So what does this mean three decades later? We have made great strides in understanding how the molecular clock works. We now know that the clock keeps time by a series of transcriptional-translational feedback loops. We also know that the clock controls 40% of all coding genes within the body. The body clock controls all aspects of our physiology from metabolism to immunity.

Many diseases, such as osteoarthritis and cardiovascular disease, are highly time of day dependent. Moreover, it appears that disruption of our body clocks, caused by our non-stop 24/7 lifestyle and exposure to artificial light at all times of day, is partly responsible for the increase in chronic inflammatory diseases. Unfortunately, most cell culture systems are not synchronized with the time of day, and this, in my opinion, is one of the main reasons that many researchers unknowingly neglect this field. Finally, we are making great strides in attempting to time specific treatments to the right time of day, an area called chronotherapy. Therefore, it is my hope that this increased awareness of the body clock will bring more researchers into this fascinating field. If we don’t fully understand how our body clock controls physiology and disease we will certainly be left in the dark.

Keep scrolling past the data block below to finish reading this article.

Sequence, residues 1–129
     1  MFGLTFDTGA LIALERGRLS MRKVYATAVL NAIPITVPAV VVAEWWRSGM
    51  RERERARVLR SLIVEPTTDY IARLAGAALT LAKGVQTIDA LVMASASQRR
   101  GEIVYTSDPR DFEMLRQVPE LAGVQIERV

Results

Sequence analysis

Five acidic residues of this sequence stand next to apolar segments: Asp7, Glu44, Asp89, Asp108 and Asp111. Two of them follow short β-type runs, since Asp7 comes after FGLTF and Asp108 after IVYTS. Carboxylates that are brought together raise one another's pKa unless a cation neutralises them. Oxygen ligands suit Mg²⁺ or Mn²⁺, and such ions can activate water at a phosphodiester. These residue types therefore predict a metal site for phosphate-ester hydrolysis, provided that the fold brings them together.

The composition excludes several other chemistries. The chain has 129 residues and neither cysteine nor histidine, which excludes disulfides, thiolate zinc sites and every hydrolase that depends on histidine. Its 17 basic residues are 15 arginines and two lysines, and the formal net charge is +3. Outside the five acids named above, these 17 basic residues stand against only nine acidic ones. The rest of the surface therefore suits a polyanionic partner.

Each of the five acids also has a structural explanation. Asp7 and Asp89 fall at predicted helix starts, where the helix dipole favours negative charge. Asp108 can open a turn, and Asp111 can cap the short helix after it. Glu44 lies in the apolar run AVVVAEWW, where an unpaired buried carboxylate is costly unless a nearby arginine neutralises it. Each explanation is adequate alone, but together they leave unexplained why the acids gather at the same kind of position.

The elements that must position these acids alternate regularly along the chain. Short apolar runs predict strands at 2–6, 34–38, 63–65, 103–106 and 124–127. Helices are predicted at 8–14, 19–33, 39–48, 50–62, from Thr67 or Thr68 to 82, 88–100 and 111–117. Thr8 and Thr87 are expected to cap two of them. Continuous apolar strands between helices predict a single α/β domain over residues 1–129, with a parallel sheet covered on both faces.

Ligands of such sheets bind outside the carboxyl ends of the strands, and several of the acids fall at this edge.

Annie Curtis is a Research Lecturer and runs the Immune Clock laboratory at MCT and is fascinated by all things body clock related.

 

A possible therapeutic avenue in Cystic Fibrosis